On Friday, November 4, the 55,000 education workers represented by CUPE’s Ontario School Board Council of Unions (OSBCU) went on strike in defiance of the Ford Government’s Bill 28, an unprecedented piece of legislation which makes it illegal for CUPE members to strike, imposing a contract on them while suspending their fundamental rights protected under the Canadian Charter of Rights and Freedoms for a five-year term.
Ontario labour organizations are denouncing the legislation for what it is: an egregious and unprecedented violation of the most basic rights of workers and Canadians.
Worker dissent is mounting, and so is a spirit of solidarity among workers and unions in Ontario. Thousands of parents, students, community allies, and members from various unions across Ontario joined the striking education workers on their picket lines across the province on Friday, including a massive gathering at Queen’s Park which drew thousands of supporters. Media estimated over 10,000 people in total.
Among the supporters of striking education workers at Queen’s Park Friday were members of the Amalgamated Transit Union (ATU) Local 1587. ATU Local 1587 represents over 2,200 GO Transit workers serving the Greater Toronto and Hamilton Area as drivers, station ambassadors, office and professional staff, mechanics, plant personnel, and transit safety officers.
Speaking at the Queen’s Park rally, ATU Canada President John DiNino hinted at what’s to come, noting “we may soon be joining you on the picket line.”
Driving for a better deal
ATU Local 1587 has been negotiating with their employer Metrolinx for a new collective bargaining agreement since April. Their previous collective agreement expired on June 1, 2022, and GO Transit employees have been working without a contract since then.
According to Local 1587’s President Rob Cormier, the most pressing issue for the union in this round of bargaining is job security and securing protections against contracting out.
“These basic protections against contracting out are the norm at every other transit agency in our region to ensure that experienced workers are on the job to ensure the safety of the buses. Without these protections, Metrolinx can contract to outside companies unfamiliar with the fleet, which will hire inexperienced workers at the lowest of wages” Cormier noted in an ATU press release.
Cormier says the Union has met with Metrolinx several times in the past few months, but notes that “at every single one of those meetings, Metrolinx’s bargaining team showed up empty-handed, without a single offer addressing our most important issue on the table.”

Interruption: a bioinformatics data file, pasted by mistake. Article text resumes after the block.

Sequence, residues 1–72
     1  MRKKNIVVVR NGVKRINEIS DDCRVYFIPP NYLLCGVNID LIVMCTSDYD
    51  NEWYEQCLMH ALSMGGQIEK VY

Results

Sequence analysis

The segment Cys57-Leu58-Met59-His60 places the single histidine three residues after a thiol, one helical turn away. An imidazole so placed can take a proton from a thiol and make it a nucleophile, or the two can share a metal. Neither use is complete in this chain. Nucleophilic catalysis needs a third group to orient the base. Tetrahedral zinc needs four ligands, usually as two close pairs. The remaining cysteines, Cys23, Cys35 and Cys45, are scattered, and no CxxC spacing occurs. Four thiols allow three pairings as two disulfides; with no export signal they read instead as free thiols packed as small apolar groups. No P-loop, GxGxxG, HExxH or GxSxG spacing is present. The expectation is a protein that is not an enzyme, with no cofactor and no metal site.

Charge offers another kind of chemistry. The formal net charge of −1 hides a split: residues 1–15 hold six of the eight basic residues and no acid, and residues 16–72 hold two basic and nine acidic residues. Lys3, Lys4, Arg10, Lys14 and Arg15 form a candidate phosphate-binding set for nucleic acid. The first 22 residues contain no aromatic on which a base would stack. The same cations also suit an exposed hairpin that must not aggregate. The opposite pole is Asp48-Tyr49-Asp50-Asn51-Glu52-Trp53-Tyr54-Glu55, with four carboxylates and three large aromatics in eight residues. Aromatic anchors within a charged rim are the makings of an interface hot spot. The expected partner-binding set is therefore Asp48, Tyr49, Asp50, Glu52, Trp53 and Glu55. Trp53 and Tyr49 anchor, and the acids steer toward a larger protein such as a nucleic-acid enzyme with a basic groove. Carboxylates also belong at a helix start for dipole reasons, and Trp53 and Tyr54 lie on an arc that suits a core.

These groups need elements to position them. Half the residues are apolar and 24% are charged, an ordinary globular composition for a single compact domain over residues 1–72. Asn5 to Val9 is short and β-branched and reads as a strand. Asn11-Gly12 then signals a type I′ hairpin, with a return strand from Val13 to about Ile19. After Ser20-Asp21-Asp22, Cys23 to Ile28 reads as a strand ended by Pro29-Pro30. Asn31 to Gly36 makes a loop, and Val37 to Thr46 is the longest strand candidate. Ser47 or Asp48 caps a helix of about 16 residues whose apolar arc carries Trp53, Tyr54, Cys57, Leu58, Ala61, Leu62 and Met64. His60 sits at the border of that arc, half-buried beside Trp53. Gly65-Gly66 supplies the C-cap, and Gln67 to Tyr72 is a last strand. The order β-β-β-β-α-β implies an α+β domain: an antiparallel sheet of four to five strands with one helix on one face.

ATU Local 1587 was set to go on strike last month on Hallowe’en, but they deferred the walk-out action to present their members with Metrolinx’s latest offer, an offer the Union voted to reject by an 81 percent majority on Friday, November 4.
Cormier says the Union remains open to negotiations with Metrolinx over the weekend, but as it stands, the Local is prepared to go on strike as of Monday, November 7 at 12:01 AM–the day that actions are expected to escalate for striking education workers.
Go transit strike part of wave
Support for Local 1587 is already gaining traction. According to Ahmar Khan of Global News, members of ATU Locals 107 and 1573 representing transit workers in Hamilton and Brampton have announced that they will not be crossing the GO Transit picket line. While transit service will continue in surrounding regional networks, alternate bus stops may be used to avoid crossing the picket line. ATU members have a protected right to refuse to cross ATU picket lines, and other ATU Locals interacting with GO Transit may begin exercising that right as the strike develops.
It is no coincidence that ATU Local 1587 is going on strike only three days after the OSBCU walk-out. There is an undeniable air of discontent simmering among workers in Ontario. We are witnessing the culmination of years of contempt and disrespect aimed at Ontario’s workers at the hands of the Ford Government, the supposed friends of labour.
In a statement of solidarity with striking GO Transit workers, ATU International President John Costa rightly noted that these labour uprisings are taking place in the aftermath of Ontario’s disastrous Bill 124 wage freeze, which caps the salary increases for all public employees at 1 percent per year until 2023.
“Our Union joins the entire Ontario labour movement in a common fight against a government who would rather destroy vital public services and strongarm workers than negotiate a contract,” Costa said.
Thousands of workers across Ontario have been impacted by the legislation, including CUPE members, ATU members, and the Ontario Nurses Association. And while Bill 28 is directed at CUPE members specifically, judging from the show of support and the solidarity we saw on Friday, Ontario labour and its allies harbour no illusions: Bill 28 is a full and frontal attack on the rights of all workers in Ontario. So the Ford Government should not be surprised when we all fight back.
Did you like this article? Help us produce more like it by donating $1, $2, or $5. Donate